A developer will now not be allowed to sell units off-plan unless it proves that it owns real estate right over the project land and that it has opened an escrow account for the development. There will also be a requirement for a “disclosure statement” to be attached to the sale and purchase agreement that provides prescribed information on the development to ensure that purchasers are informed of all the relevant facts before buying.
Escrow accounts will be set up for off-plan sales
One of the requirements for the sale and marketing of off-plan units will now include that the developer has set up an escrow account. The proceeds from off-plan sales will need to be paid into this account and only taken out in stages to fund construction. Given the restrictions on withdrawals, the developer will effectively have to self-fund (or obtain finance) for the first 20 per cent of construction works. These accounts also apply to existing projects as well, unless the building has reached at least 70 per cent completion.
Right to terminate an off-plan purchase
Off-plan buyers can terminate their purchase of the unit in the case of “substantial prejudice”. Certain examples are given in the law, such as substantial changes the specifications contained in the unit SPA or delivery of a unit that is unusable due to fundamental defects in construction.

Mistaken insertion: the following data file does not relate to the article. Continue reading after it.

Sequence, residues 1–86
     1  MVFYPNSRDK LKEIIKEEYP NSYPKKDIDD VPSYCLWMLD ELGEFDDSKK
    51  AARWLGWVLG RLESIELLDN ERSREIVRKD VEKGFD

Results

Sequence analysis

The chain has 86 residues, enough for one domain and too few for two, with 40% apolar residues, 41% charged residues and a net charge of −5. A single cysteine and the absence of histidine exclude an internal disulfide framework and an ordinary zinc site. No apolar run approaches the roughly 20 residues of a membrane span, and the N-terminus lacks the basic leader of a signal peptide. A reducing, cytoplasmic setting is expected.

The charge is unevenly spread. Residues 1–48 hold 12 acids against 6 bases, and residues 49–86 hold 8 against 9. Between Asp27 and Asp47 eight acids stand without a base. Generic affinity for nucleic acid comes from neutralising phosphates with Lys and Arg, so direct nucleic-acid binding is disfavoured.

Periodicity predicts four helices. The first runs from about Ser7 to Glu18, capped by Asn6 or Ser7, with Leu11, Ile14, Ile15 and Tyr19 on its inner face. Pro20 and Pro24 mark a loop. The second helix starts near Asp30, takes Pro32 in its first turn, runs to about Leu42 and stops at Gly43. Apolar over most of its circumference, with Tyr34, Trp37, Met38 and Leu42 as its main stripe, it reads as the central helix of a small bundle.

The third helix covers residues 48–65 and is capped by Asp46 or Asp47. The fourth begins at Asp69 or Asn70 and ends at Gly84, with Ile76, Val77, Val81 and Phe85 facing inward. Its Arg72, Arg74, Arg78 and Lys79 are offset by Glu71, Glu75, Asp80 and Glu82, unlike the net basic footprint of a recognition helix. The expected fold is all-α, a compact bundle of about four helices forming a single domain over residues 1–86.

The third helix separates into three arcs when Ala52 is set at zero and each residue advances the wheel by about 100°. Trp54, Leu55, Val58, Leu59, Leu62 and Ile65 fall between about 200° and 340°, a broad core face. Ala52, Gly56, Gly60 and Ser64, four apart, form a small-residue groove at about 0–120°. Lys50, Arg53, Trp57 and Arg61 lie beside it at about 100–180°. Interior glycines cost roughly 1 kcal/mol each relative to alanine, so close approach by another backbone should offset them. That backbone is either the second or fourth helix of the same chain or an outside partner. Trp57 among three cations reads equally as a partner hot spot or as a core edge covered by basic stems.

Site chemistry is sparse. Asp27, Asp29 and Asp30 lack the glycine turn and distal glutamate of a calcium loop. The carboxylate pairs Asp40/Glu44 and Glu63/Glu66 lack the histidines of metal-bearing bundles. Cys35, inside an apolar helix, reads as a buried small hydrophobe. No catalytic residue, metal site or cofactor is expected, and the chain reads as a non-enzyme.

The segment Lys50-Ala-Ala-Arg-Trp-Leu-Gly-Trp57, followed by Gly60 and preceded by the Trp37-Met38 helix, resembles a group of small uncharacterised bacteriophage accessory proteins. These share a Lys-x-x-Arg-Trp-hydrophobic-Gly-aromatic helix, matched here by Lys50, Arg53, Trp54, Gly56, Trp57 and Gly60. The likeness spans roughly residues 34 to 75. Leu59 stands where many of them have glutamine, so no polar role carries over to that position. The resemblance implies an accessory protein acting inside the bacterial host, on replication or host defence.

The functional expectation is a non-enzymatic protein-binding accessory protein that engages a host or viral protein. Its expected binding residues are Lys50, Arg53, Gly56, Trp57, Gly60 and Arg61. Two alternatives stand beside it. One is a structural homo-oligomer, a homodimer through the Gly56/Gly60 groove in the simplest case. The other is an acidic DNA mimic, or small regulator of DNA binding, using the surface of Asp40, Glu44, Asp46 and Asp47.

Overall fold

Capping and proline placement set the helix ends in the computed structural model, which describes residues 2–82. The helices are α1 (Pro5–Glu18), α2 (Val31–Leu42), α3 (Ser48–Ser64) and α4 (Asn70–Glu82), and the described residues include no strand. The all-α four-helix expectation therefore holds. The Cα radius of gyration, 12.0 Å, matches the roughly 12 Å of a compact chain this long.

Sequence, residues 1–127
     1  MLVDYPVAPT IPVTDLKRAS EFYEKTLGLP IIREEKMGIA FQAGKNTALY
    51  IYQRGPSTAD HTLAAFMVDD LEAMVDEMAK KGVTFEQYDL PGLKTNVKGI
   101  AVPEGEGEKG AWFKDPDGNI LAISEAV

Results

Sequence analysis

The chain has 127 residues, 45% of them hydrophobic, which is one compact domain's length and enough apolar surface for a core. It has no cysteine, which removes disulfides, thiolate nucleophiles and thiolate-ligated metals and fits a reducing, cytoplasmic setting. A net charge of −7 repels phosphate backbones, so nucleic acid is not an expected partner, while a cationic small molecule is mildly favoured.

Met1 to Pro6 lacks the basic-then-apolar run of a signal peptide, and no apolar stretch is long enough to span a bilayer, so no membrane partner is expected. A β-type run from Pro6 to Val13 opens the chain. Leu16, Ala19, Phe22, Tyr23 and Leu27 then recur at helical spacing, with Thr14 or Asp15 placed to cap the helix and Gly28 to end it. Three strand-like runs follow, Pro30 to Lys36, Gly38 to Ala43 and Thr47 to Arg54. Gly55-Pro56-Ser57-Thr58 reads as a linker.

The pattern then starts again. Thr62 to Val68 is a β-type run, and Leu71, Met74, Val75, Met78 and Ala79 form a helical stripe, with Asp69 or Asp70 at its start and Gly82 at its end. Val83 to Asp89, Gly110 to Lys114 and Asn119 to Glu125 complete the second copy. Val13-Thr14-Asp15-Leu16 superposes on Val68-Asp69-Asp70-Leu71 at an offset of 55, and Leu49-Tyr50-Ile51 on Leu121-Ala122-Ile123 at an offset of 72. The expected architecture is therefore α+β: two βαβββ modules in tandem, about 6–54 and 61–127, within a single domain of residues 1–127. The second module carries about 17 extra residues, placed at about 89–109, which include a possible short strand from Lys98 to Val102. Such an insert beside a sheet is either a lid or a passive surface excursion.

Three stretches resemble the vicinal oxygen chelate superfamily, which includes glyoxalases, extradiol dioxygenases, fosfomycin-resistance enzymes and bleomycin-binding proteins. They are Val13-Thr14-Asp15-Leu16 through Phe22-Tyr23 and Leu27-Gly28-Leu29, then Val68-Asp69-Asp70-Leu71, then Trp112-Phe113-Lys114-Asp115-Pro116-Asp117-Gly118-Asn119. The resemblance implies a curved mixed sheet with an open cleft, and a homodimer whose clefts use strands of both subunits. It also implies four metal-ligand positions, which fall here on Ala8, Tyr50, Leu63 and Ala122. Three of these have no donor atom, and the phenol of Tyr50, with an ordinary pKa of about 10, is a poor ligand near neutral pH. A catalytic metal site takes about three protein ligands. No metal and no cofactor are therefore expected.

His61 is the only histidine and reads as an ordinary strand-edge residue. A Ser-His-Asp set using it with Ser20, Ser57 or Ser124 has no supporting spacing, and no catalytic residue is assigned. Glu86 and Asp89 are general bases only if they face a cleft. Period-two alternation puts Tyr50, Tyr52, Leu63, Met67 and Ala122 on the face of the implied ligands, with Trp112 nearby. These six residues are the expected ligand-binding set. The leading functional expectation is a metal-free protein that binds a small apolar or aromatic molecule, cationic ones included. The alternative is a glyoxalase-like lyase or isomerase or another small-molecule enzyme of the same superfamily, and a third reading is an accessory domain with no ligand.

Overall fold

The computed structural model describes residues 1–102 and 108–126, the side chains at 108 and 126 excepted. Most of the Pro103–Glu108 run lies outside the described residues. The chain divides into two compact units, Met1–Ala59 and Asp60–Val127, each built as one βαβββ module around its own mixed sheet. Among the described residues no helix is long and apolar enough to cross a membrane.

Compensation for delayed projects
The DMA may fine developers to compensate purchasers where the developer is delayed beyond six months. Importantly, this may apply to existing developments depending on the stage of completion. The new law also includes provisions for the cancellation of projects or appointment of a new developer where there is significant delay.
Building liability for developers
There will now be a 10-year liability for developers relating to fundamental structural building defects. It means developers will be legally responsible to fix any defects that manifest 10 years after handover and this will also include a one year defects liability period.
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